The Atlanta Fed estimates a whopping 4.7% GDP growth in the 2nd quarter of 2018 and ISM manufacturing backlogs are near three-decade highs. The current order backlog logjam and extreme small business optimism we highlighted last week resemble the record levels of 2004, signifying that we may be in the middle innings of this expansion cycle.
Late cycle fears of record high housing prices and record buyout valuations are a worrisome outcome of too much money chasing too few goods in a classic cost-push inflation phase. So far the mismatch of capital, labor, and assets have not elevated credit risk to warning levels typical of the final innings of a ballgame. With banking credit spreads (3-month Libor – TBill spread) in the low-risk zone and all consumer loan categories near 10-year lows, it remains premature to expect economic trouble on the current horizon.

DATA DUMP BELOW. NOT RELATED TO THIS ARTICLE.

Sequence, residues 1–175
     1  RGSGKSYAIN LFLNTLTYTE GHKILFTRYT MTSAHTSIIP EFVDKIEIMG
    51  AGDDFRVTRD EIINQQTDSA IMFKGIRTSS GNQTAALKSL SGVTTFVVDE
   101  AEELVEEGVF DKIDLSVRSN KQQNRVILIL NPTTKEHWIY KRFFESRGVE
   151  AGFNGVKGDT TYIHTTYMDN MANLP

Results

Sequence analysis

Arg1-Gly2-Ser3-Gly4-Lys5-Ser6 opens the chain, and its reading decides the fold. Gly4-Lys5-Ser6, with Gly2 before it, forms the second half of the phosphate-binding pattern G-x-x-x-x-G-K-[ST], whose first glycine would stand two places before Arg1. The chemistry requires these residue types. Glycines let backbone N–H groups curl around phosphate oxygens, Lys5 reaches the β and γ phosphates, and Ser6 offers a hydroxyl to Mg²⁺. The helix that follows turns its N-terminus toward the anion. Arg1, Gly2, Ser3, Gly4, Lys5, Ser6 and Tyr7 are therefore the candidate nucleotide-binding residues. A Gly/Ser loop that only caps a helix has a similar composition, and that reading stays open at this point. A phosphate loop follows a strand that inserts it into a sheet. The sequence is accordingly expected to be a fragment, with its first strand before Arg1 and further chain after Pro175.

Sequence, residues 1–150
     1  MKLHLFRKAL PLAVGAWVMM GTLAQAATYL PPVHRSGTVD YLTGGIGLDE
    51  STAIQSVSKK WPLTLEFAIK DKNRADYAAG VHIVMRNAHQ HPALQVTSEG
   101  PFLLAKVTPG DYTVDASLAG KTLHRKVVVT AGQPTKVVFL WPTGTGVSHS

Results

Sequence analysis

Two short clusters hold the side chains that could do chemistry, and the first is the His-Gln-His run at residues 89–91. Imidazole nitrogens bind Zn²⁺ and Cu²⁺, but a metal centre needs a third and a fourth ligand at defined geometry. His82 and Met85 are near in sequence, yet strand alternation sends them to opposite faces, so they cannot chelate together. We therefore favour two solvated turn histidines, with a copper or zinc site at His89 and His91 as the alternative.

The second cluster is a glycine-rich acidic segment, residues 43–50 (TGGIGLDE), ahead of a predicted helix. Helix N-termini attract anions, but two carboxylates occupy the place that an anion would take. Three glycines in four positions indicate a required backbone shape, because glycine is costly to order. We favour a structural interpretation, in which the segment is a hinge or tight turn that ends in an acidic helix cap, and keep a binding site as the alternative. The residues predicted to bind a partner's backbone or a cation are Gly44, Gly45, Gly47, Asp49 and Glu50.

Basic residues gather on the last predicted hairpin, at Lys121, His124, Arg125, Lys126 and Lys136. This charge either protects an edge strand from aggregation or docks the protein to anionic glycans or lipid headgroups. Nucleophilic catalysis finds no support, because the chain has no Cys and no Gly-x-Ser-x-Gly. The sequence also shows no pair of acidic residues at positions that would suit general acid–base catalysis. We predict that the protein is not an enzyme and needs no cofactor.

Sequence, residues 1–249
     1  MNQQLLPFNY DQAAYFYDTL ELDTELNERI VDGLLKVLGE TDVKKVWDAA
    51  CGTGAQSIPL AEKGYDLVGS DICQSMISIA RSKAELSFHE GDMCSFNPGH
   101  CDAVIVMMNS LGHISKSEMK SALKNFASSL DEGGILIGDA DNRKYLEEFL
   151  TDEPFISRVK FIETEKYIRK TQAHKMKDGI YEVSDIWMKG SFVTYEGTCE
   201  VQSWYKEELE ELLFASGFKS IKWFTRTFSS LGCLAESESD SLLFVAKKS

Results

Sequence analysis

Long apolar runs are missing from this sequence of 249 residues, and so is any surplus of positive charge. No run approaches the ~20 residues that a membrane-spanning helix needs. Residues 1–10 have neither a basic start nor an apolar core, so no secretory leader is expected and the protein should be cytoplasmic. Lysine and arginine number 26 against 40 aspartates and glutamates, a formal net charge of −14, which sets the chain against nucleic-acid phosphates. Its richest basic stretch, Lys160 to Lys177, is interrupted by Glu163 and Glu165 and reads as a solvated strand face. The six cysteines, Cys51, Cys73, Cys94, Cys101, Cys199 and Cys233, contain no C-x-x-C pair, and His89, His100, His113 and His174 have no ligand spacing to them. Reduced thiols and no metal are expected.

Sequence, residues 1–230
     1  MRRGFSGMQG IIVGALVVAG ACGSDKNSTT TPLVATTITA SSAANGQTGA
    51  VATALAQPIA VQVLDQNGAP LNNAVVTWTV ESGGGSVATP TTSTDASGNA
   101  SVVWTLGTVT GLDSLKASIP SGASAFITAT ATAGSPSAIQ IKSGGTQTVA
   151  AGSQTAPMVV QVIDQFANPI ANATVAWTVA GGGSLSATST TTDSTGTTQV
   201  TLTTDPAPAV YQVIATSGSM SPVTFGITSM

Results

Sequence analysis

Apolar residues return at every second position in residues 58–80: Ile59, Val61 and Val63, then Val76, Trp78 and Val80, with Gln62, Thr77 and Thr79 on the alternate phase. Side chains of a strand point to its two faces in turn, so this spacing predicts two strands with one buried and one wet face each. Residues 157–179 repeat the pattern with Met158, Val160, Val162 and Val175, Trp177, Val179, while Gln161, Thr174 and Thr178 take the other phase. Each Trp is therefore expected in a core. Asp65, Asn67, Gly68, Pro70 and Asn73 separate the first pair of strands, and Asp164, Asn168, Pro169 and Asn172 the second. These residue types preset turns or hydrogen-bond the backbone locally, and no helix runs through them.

Global trade continues to be the primary wildcard in 2018 that remains a doubled edged sword. An actual trade war with sharply higher tariffs globally would lead to higher inflation, interest rates, and a lower stock market outcome. A positive trade resolution with China and Europe would reinvigorate global growth. However, the US is an anomaly of accelerating growth since Trump’s enormous adrenaline injected into the economy with Corporate tax cuts, deregulation, and a pro-business sentiment boost. The appearance of overcoming the global economic slowdown apparent in Asia and Europe with an enormous trade deficit has given Trump confidence in his America First game plan. Until the Goldilocks economy in the US feels the pain of global slowing and trade tensions, Trump may continue this poker game indefinitely while the cards are in his favor and the US outperforms the world.